We’re currently debating whether or not we dare venture into Combe Martin to see the Hunting of the Earl of Rone, complete with Hobby Horse, Grenadiers and Fool, during the late Spring Bank Holiday. The festivities were banned in the 19th century for licentiousness and drunken behaviour but were revived in 1974 . . . However it lasts for four days and we’re not sure that we have the stamina and are worried that even if we actually manage to get into Combe Martin, we might not get out again.

    Thank you, by the way, for that glorious illustration and all that colour!

    • dancingbeastie permalink
      May 2, 2010 11:02 pm

      The Combe Martin celebrations sound fascinating, I didn’t know about them. We don’t have a tradition of ‘obby osses’ in Scotland, so far as I know: I think it’s a peculiarity of Cornwall, isn’t it? Like all thriving local traditions, it’s probably best left to the locals to enjoy without us grockles poking our noses in (by which I do not include you, of course).

  3. Wendy permalink
    May 2, 2010 11:54 pm

    This language thing is fascinating! I have had a little dabble in your tabs on the right – thanks for pointing them out to me. Footering around – I just love that one. Grockles? Will have to investigate more another time. All these traditions are interesting also. In Queensland today it is Labour Day which I think is May Day equivalent. … a public holiday.

  4. May 2, 2010 11:58 pm

    What a riot of clear rich and saturated colour! Thank you so much for it – I have saved it in my hard drive to look at for future inspiration. Here in the eastern corner of Canada (Nova Scotia to be exact) it persists in being cold and if the young lady on the lovely white palfrey had ridden out in that outfit yesterday, she would have suffered from the west wind whistling down that lovely cleavage which the lord in fron of her is ogling so eagerly!!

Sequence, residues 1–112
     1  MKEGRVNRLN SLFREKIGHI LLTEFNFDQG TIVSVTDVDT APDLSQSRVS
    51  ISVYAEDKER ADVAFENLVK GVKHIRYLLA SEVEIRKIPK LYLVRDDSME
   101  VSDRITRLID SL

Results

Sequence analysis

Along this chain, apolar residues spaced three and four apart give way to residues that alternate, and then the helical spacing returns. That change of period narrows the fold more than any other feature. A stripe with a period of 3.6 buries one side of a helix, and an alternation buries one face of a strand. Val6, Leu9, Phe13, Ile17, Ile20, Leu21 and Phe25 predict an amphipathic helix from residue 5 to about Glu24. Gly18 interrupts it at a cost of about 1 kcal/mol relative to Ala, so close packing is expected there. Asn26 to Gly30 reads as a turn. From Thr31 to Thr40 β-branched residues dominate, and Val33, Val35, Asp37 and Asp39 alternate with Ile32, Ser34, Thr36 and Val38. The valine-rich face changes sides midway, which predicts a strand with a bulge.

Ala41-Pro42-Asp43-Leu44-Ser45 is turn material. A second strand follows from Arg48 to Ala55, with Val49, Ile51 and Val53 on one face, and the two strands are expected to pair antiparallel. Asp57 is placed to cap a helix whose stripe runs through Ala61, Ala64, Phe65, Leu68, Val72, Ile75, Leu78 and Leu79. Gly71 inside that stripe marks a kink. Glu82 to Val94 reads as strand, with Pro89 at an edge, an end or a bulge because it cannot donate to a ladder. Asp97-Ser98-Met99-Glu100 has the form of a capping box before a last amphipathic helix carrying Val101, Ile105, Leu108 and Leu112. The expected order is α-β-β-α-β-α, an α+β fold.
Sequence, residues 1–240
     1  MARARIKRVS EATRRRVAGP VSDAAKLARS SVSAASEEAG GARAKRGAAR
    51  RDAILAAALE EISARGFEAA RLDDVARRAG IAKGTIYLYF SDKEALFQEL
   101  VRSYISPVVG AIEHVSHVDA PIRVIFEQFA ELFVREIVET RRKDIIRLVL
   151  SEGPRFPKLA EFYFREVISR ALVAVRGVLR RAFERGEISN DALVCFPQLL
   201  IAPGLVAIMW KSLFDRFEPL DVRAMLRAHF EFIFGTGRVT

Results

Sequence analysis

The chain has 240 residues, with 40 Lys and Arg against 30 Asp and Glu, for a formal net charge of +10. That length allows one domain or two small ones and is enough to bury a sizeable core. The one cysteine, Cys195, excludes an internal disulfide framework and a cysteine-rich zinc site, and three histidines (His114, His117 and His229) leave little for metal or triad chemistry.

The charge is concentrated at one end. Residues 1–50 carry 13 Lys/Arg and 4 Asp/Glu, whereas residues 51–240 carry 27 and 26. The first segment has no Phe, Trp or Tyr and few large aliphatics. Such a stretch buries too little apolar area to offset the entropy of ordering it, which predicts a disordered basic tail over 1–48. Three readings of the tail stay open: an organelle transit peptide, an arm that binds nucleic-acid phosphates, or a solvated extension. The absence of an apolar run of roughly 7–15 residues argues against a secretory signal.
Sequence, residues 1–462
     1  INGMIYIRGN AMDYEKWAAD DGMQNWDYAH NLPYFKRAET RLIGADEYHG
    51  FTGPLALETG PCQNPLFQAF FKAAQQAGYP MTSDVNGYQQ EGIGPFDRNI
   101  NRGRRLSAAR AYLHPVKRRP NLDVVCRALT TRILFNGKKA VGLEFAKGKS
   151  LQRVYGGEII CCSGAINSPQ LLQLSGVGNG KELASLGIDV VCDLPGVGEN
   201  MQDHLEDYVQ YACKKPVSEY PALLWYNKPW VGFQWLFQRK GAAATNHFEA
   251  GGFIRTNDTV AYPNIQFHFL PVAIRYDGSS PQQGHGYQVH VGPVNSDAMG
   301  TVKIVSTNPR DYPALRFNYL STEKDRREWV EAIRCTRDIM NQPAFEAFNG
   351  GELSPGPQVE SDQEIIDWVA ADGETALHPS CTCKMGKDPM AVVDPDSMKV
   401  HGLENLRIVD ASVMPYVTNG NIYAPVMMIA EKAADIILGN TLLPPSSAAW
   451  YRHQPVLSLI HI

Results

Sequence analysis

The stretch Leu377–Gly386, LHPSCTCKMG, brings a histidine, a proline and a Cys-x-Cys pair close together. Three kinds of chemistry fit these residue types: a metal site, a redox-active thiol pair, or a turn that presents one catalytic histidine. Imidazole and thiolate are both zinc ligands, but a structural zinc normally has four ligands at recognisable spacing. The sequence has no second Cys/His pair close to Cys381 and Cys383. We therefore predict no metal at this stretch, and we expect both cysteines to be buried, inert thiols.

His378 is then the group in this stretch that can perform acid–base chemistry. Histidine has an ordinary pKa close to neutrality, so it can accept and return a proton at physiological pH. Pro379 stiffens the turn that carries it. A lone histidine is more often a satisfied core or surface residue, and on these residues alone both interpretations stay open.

5. dancingbeastie permalink
    May 3, 2010 12:07 am

    Wendy, you should really ask 60goingon16 about grockles, as that is not a Scots word: it’s used in the South-West of England to refer (rather disparagingly) to tourists and incomers. I do enjoy the richness of dialects in the British Isles. In my next life I’d quite fancy being a philologist.

    Janet, welcome! I am so glad that other people are enjoying the sumptuous Book of Hours picture as much as I do. I’ve loved it for years and yet never noticed the ogling going on – you’re quite right! In fact, I think two of the men are giving her the once over! Hah, she won’t look so fetching with a runny nose from riding out half-dressed. But now I am sounding like my mother…

    On further study of the painting, I think perhaps we are being unkind in interpreting the men’s glances as ogling. My lady is clearly pregnant (being the ideal wife) and perhaps her lord and his companion are looking back at her solicitously, to see how she’s taking the bumping around on the horse. Let us hope her mount is also the ideal, and has the approved smooth ambling pace of a lady’s palfrey.

  6. May 3, 2010 12:21 pm

    Hello and thank you for your kind words and links!
    Delighted to be included here with the weird and wonderful 🙂
    A great place you keep!
    Best May wishes to you
    Rima

    • dancingbeastie permalink
      May 3, 2010 12:29 pm

      And to you, Rima. Thank you for visiting; I am honoured. I have been thinking that ‘Weird and wonderful’ sounds perhaps a little judgemental…it’s not meant to be, it is entirely positive! We all need a little of each in our lives.

  7. January 23, 2012 12:24 am

    Thank you for linking to this post, DB. The image is wonderful – so large and clear. I smiled when I read a ‘snell’ breeze. It must be derived from the German ‘schnell’ and mean the same thing – a good, brisk wind. 🙂

    • dancingbeastie permalink*
      January 23, 2012 11:12 pm

      ‘Snell/ schnell’: oh, that’s fascinating! I am really intrigued by etymology and the multiple linguistic roots and influences in English and Scots, but this is one connection that I had never made. Thank you!